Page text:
When I visited baby Iris, I was greeted by her daddy, a young man whose wedding I had officiated. He escorted me to the isolette and asked, “Would you like to see our beautiful daughter?” I must confess that seeing this stillborn child was almost too much to bear.
After a deep breath, I silently prayed, “God, please give me a timely word for this dad.” I then looked him in the eye and stated, “One day, when Jesus returns with healing in his wings, the light of his presence will illumine the face of dear Iris. We trust that by God’s grace she will look at you with a smile as wide as the horizon and call you ‘Daddy.’ Now is the time for grief, tears, and indescribable loss, but the day is coming when God will wipe away our tears and make all things new.”
Does theology matter? In such moments, it means everything. Through his death and resurrection, Jesus conquered the Reaper’s claim, robbing death of its sting. The relevance of theology is most evident when we find ourselves staring at death. At such times it points us to God’s saving power.
Job’s three friends visited him after his children’s death and the loss of his health. They started well by joining their tears with his and then sitting on the ground for seven days and nights without speaking. Such empathy is always appropriate amid suffering.
“I am sorry” is usually the best response. “I know how you feel” is typically not. An arm on the shoulder, a kiss on the cheek—these are the gestures that comfort. To simply be present, sitting quietly and available to listen, is perhaps the greatest gift that we can offer. Job’s friends managed to do this for a week. If only they had continued.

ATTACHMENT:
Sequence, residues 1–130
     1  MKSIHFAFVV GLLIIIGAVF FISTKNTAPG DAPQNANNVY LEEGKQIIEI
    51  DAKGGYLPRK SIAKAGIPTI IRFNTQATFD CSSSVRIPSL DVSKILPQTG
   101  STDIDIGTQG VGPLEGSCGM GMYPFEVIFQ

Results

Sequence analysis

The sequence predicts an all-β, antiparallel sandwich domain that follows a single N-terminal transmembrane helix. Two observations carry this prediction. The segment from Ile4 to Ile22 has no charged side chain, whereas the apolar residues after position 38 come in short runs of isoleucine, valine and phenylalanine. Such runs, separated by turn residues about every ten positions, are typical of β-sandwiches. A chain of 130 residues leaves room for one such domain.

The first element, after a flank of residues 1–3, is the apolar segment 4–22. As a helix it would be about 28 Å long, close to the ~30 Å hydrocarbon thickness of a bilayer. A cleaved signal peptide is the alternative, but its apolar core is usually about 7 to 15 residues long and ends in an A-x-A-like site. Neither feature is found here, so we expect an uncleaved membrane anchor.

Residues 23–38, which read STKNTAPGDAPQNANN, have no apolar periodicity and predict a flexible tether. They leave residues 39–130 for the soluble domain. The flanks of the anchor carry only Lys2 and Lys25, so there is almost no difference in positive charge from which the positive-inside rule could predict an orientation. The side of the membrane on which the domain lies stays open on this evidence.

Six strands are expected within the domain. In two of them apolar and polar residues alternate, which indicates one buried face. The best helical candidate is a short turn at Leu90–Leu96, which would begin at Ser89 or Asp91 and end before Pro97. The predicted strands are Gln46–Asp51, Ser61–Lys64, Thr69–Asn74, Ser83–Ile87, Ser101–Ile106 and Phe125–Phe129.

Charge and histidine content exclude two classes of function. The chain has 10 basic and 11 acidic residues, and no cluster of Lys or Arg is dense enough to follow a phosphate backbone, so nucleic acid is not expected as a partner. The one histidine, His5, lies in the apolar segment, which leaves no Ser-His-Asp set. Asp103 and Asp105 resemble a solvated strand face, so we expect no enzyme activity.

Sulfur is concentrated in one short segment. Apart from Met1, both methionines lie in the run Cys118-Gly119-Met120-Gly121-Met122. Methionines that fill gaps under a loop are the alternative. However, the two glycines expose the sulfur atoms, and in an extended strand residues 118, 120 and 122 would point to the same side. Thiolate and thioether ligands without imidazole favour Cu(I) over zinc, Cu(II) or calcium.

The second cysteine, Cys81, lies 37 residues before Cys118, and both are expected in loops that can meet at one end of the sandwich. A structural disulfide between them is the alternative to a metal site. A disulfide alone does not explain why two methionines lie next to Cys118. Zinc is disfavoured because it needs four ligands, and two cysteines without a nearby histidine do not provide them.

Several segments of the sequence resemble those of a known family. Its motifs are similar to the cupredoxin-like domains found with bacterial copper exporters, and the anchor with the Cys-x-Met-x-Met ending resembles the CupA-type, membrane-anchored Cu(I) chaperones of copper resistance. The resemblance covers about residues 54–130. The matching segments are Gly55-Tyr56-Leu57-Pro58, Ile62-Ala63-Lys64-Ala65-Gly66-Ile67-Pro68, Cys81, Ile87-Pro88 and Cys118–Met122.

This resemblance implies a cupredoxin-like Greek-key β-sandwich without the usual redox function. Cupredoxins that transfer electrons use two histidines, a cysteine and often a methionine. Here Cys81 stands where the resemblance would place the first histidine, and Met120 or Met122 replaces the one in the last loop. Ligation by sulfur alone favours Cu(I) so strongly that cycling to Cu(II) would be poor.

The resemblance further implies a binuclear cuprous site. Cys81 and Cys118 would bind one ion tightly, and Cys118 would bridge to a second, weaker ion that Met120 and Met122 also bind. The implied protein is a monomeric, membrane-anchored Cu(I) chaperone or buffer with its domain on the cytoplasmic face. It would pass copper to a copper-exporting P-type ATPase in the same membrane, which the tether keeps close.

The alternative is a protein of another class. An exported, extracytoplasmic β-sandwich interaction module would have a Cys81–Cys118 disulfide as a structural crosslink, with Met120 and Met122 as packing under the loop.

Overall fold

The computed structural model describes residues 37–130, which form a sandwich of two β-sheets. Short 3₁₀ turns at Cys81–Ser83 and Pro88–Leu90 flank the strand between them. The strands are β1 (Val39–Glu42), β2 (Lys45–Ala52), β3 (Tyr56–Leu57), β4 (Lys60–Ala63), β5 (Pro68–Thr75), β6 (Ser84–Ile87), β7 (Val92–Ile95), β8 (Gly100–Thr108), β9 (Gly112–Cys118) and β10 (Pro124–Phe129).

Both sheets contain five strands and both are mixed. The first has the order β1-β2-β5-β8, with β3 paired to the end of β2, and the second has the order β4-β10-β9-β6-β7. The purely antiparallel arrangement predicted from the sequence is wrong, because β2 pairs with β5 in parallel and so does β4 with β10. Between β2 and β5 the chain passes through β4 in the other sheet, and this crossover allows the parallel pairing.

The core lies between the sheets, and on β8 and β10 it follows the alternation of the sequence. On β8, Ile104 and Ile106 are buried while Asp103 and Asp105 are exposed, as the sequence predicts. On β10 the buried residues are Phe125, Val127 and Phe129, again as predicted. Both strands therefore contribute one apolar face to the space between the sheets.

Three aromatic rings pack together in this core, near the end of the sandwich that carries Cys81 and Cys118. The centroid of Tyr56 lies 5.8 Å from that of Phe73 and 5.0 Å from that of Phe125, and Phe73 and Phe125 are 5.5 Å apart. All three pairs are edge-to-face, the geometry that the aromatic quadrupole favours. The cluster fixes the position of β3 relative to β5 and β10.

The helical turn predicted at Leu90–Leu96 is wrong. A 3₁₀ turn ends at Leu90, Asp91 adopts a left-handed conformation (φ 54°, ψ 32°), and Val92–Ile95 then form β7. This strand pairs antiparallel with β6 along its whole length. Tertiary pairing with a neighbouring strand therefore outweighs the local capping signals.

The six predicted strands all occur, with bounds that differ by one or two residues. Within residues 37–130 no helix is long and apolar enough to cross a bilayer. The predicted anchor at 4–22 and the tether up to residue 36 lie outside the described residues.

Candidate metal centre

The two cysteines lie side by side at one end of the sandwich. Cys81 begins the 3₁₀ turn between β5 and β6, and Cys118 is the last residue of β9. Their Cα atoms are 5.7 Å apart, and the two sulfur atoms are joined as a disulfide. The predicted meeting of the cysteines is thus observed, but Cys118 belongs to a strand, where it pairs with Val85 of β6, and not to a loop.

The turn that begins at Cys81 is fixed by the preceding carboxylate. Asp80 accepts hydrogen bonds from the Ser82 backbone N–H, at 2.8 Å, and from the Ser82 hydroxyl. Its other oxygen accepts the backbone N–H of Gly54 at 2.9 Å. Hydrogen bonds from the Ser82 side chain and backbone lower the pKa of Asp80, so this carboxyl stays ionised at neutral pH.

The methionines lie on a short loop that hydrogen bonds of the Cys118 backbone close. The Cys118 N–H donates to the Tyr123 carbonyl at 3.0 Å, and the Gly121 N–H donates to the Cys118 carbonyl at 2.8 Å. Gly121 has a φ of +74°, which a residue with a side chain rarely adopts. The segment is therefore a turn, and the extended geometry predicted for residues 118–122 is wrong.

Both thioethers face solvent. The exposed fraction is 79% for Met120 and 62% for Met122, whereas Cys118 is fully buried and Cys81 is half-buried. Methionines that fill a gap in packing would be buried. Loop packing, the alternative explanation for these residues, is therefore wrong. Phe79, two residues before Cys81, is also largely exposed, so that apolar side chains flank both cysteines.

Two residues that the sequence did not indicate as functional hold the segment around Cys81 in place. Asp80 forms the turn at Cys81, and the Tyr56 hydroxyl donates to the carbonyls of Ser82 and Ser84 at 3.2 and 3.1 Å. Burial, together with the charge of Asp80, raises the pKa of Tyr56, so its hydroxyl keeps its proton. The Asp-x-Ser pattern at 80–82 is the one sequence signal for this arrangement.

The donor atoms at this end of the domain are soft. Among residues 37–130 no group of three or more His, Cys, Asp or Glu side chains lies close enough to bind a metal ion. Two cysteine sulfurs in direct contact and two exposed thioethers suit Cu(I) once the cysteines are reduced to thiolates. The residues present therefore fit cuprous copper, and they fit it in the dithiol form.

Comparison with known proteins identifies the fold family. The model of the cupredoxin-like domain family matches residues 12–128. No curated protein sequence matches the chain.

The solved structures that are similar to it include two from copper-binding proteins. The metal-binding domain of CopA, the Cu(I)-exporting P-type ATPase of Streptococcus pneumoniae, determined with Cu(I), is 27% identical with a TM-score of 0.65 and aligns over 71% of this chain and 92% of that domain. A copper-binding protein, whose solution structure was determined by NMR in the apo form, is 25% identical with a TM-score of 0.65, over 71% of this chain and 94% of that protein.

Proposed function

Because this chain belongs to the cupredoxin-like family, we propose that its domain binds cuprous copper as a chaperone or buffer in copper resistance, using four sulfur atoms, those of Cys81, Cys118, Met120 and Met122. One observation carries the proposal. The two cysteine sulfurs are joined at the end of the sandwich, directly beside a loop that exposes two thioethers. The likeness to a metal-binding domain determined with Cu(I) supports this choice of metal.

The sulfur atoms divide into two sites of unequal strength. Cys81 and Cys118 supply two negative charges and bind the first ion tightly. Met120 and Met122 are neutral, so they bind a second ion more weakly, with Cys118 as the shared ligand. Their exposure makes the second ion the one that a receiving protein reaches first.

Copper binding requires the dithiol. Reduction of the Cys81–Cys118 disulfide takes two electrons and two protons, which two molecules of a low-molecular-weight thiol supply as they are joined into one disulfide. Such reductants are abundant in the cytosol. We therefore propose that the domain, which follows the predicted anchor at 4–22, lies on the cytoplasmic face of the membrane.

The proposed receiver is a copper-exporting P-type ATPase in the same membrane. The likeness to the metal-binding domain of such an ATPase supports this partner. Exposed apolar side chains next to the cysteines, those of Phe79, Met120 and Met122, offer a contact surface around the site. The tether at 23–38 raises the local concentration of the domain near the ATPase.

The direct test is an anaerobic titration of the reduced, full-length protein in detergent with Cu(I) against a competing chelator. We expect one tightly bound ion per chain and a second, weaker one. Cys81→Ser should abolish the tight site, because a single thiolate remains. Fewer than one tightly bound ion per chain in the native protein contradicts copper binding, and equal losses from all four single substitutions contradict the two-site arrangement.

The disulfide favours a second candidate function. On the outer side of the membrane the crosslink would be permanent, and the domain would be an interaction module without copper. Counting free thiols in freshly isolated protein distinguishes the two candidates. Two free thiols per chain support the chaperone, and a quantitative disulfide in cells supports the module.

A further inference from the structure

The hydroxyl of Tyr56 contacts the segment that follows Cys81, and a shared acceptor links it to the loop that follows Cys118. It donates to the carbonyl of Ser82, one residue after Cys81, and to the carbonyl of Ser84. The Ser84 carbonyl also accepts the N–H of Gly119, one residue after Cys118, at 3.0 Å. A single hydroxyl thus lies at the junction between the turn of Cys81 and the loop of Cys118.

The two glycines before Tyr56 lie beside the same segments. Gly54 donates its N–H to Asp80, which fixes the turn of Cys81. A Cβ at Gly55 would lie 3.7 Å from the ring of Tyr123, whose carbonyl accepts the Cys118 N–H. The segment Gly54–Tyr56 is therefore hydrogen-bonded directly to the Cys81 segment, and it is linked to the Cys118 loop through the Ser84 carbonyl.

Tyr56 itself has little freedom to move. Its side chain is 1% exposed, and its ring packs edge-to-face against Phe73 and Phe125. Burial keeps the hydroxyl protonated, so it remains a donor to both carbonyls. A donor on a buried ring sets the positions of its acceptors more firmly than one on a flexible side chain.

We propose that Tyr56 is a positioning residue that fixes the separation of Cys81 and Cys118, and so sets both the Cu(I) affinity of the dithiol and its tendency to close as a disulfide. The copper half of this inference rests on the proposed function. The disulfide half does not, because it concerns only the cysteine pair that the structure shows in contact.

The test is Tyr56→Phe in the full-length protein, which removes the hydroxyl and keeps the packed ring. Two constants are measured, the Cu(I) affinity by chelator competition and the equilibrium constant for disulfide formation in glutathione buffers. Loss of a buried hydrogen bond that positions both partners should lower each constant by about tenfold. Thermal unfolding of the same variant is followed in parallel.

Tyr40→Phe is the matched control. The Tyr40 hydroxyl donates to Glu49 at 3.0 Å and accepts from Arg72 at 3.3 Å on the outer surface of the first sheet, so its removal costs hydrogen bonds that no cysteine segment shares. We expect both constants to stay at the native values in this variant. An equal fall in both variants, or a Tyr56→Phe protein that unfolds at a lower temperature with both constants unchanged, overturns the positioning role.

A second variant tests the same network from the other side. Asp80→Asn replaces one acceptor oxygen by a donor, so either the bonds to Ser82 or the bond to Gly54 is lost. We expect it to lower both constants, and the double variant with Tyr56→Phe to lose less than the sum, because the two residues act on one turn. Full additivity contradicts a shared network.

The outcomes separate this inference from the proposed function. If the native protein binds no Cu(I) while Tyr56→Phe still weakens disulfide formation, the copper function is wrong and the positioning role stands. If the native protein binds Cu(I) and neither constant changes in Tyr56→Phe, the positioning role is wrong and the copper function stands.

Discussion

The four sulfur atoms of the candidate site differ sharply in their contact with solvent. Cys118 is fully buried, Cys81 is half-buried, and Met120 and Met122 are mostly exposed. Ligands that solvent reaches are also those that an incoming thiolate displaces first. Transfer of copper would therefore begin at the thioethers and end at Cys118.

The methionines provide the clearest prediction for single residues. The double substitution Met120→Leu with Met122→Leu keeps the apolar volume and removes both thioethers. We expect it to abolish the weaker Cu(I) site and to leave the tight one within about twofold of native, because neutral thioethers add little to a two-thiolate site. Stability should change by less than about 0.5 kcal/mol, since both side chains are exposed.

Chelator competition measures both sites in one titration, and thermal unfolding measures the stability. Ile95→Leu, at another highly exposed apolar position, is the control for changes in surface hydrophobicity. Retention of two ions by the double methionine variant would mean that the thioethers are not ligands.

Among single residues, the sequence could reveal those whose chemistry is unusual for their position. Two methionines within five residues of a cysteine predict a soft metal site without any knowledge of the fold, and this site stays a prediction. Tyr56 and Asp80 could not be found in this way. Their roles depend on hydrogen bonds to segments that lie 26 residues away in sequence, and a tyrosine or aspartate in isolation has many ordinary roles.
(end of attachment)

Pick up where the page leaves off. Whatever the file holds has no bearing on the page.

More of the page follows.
After an appropriate period of quietness during which the grieving person overcomes the initial shock of death, we then ought to offer an expression of hope. It may sound cliché to unbelieving ears, perhaps even presumptuous, but the death and resurrection of Jesus Christ provide the antidote to grief. In Job’s words:
For I know that my Redeemer lives,
and at the last he will stand upon the earth,
and after my skin has been thus destroyed,
yet in my flesh I shall see God,
whom I shall see for myself,
and my eyes shall behold, and not another. (Job 19:25–27)
When death—the intrusive stranger—steps into our world to claim its due, we have no human recourse, no defense. The Grim Reaper’s scythe, however, only reaches so far. Through his death and resurrection, Jesus overcame the scythe, depriving the grave of its sting. For this reason, we may heartily affirm, “Blessed are those who mourn, for they shall be comforted” (Matt 5:4).